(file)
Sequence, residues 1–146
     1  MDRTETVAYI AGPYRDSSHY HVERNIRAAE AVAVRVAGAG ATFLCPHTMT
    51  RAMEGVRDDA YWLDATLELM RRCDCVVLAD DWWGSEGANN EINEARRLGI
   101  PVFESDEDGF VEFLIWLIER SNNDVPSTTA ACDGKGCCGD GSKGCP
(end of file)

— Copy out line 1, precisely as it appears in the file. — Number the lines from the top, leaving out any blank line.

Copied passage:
Sequence, residues 1–146